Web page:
Chaff not evacuating

Hey all,
Roasts getting a little better. Longer periods to yellow, shorter malliard’s, appropriate finishes. It takes a little hoop-jumping to make it happen as the machine really has some intrinsic behavior quirks.

I’ve noticed a lot of chaff around the beans say from near yellow to drop. Don’t have this same situation with other roaster.

I run fan from F2>F3>F4 during roast but it doesn’t seem to evacuate. Wondering if the amount of chaff burning around the beans early in the roast is leading to offputting flavors. I know that the chaff is getting pretty dark when the beans are just going to yellow.

Just wanted to see what level of chaff you all had around your beans at different phases of the roast.


After my latest round of roasting I too found the chaff not sufficiently clearing, and this was using the same stepped (calibrated) fan settings as you, F2-F3-F4. When I would drop it into the cooling the tray, the white filter would quickly become completely covered by a thick layer of chaff essentially preventing my beans from cooling in a timely manner. I actually pulled the bowl out with the hot beans still in it and vacuumed the filter quickly to resume cooling. Not something I want to do every time!

Perhaps 10 seconds before dropping cranking the fan to F6 or F7 could help? Anyone else do this?

I have stirred the beans with a spatula while holding a shop vac hose to suck the chaff out of the beans while they were in the cooling bowl.

I don’t think that’s how its supposed to be though.

As posted elsewhere, I’m going to try more fan earlier to get the chaff out quicker, maybe ending in the 6-7 range at drop.

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There are 2 fans that affect chaff movement-

  • the exhaust fan and
  • the fan located down low and to the rear of the drum.

That 2nd fan provides air flow to the drum and to the power board. I would think if that rear fan were not working right you would be getting overheating errors, but it is part of the exhaust air flow.


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Thanks Bruce.

Both fans are working and I’m not having any overheating issues.

I think I will just have to find a way to run F over 4 to evacuate burnt chaff from the roasting beans without sucking out too much heat.

Kicking it up to F6/F7 during the end might help to clear chaff from the roast so it doesn’t end up in the cooling tray.

I’m more concerned about what’s happening to my flavors when I’m watching beautiful yellow to very light brown beans swimming through a sea of burnt, black chaff from Malliard forward.

Black chaff appearing early in the roast is a little unusual. I’ve only seen this once, from beans that were strangely processed with some kind of honey method. Those required very low preheat and low power early in the roast to avoid burning the chaff, combined with higher fan (F4 with 325g batch size) to evacuate most of the (heavy) chaff as soon as it was produced. This obviously leads to long roast times. I never did achieve a great roast of that bean, but did at least eliminate the charred flavors in the cup. Hope this is an unusual case for you to, and your next batches of green beans aren’t so challenging. BTW, what is your preheat temp and batch size?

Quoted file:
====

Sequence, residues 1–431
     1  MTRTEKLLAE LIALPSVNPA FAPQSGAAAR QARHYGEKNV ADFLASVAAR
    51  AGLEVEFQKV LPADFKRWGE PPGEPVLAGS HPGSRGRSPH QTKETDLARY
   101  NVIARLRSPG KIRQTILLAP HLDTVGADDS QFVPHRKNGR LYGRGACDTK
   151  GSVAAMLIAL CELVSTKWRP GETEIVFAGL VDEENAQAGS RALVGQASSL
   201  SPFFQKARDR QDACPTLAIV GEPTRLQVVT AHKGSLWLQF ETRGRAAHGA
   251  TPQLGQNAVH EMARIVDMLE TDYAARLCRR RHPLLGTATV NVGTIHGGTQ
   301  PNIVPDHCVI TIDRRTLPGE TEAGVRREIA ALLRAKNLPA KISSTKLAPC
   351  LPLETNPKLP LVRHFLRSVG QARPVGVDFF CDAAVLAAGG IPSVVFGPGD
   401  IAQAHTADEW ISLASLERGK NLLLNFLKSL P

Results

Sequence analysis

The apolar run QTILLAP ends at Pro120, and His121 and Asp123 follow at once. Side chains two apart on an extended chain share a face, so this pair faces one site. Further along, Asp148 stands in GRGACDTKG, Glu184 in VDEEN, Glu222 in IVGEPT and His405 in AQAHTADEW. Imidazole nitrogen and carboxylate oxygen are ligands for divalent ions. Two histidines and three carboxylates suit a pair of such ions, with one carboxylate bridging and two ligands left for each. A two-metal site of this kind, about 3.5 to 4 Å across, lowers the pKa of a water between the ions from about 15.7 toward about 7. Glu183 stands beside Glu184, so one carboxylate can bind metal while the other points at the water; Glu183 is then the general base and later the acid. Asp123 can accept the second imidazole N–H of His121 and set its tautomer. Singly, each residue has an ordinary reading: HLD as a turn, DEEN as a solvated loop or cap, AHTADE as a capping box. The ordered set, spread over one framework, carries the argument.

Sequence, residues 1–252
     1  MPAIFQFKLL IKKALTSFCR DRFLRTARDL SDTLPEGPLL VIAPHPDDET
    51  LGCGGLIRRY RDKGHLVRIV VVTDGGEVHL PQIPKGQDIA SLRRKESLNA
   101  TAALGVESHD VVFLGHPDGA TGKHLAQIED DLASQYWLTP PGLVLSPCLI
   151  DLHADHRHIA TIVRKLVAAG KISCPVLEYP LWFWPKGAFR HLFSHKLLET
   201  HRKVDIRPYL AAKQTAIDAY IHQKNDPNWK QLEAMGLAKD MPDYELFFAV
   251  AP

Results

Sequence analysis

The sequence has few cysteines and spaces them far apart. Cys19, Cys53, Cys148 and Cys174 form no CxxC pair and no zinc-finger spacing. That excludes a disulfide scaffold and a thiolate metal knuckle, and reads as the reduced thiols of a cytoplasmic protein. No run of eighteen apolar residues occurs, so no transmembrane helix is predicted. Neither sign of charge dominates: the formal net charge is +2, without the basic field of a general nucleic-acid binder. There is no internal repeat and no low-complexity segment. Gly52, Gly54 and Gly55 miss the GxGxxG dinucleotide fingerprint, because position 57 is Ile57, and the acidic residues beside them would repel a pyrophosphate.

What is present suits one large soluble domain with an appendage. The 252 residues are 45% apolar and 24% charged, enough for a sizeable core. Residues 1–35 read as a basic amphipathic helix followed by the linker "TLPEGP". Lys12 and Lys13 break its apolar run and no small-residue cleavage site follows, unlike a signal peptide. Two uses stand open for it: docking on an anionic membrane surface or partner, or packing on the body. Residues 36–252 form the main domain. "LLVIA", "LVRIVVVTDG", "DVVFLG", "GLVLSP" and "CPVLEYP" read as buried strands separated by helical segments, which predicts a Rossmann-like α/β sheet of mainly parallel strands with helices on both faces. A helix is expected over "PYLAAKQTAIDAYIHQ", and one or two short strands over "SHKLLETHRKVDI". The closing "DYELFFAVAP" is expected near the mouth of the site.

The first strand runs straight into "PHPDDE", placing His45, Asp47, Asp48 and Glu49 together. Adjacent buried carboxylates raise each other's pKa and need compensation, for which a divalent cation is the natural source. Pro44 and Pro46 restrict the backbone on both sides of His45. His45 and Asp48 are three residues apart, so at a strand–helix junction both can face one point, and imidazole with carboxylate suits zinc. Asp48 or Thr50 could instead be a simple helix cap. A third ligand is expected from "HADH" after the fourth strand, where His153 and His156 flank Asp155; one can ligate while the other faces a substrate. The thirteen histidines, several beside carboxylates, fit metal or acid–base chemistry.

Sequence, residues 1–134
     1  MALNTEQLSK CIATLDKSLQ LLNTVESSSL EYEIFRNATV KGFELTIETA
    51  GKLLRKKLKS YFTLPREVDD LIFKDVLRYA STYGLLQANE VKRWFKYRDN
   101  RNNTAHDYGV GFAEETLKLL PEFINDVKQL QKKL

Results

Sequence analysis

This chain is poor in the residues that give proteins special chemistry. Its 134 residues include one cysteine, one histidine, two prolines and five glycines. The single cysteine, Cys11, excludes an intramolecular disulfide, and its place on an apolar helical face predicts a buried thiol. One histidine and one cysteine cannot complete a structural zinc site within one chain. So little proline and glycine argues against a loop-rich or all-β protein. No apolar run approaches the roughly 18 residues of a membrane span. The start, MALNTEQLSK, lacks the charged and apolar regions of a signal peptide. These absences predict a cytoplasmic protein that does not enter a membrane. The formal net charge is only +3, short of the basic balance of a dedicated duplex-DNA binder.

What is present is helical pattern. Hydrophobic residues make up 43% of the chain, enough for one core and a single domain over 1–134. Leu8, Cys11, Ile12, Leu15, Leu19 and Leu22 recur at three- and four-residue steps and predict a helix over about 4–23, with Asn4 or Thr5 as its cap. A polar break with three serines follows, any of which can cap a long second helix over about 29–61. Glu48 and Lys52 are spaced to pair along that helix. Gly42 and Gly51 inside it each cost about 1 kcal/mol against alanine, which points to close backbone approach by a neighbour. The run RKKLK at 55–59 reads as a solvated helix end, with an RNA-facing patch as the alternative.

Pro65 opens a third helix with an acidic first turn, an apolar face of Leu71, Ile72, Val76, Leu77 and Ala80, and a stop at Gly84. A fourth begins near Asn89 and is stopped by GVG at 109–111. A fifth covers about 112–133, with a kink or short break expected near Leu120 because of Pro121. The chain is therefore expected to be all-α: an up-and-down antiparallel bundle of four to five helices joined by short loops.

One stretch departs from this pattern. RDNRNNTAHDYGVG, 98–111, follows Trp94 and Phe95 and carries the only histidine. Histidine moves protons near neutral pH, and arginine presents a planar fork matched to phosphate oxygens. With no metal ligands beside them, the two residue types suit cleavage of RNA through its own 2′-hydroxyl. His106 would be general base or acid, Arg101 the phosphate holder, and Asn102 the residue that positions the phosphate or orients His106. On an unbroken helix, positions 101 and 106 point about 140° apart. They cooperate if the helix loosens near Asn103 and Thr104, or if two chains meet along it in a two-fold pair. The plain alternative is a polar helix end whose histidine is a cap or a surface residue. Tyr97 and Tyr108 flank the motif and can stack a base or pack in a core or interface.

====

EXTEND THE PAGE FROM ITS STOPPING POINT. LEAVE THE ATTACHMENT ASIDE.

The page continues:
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Both preheat temp and batch size are varying as I try to learn this machine. When its too low the roasts end up flat-tasting as there isn’t enough energy early in the roast so the middle stretches out too long.

The chaff has been present across all processing methods including washed.

Yes sure more or less chaff from all bean types, but black charred chaff around Yellow point seems weird. I’ve had good luck with preheat temperatures around 200C for batch sizes 325g - 500g, total roast times around 8-12 minutes. Are your roasts in this range? Maybe post a link to a typical roast that has the black chaff problem?

The most likely comment will be too high a charge temp, which maybe on-point for this soft and large Pacamara. But it was also present in two recent Tanzania roasts which are smaller, harder, higher elevation washed beans

Hey Brian… I’m with Brad here on the PH temp. I looked at the link you posted. I feel for a 500g batch 500F / 260C is too hot. Like Brad when I roast 500g my PH is in the 392F / 200C range Brad is talking about. Sometimes I go to 401F / 205C and sometime the 1 setting below 200C.

I roasted a Tanzania 1kg batch with a high PH of 590F / 310C and I didn’t have an issue with black chaff - that was an experiment as I normally would use 572C / 300C for 1kg.

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With these low charge temps and 500G charges how long are your other phases?

Do you have enough energy so Malliard is shorter than the time to yellow? Is this a reasonable scenario with the Bullet?

My best roasts over the years have historically been 45-55% to yellow, 35-40% Malliard, and 15%-25% "development).

I think it matters.

Feel free to hop over to RW and look at my 1 lb or 500g roasts. Mine is typically 45-48% / 28-30% / 20-22%. I think it depends on how you control P and F (and probably D as well) after you charge the beans as well. I’m no expert, but my friends that I roast for are happy :slight_smile: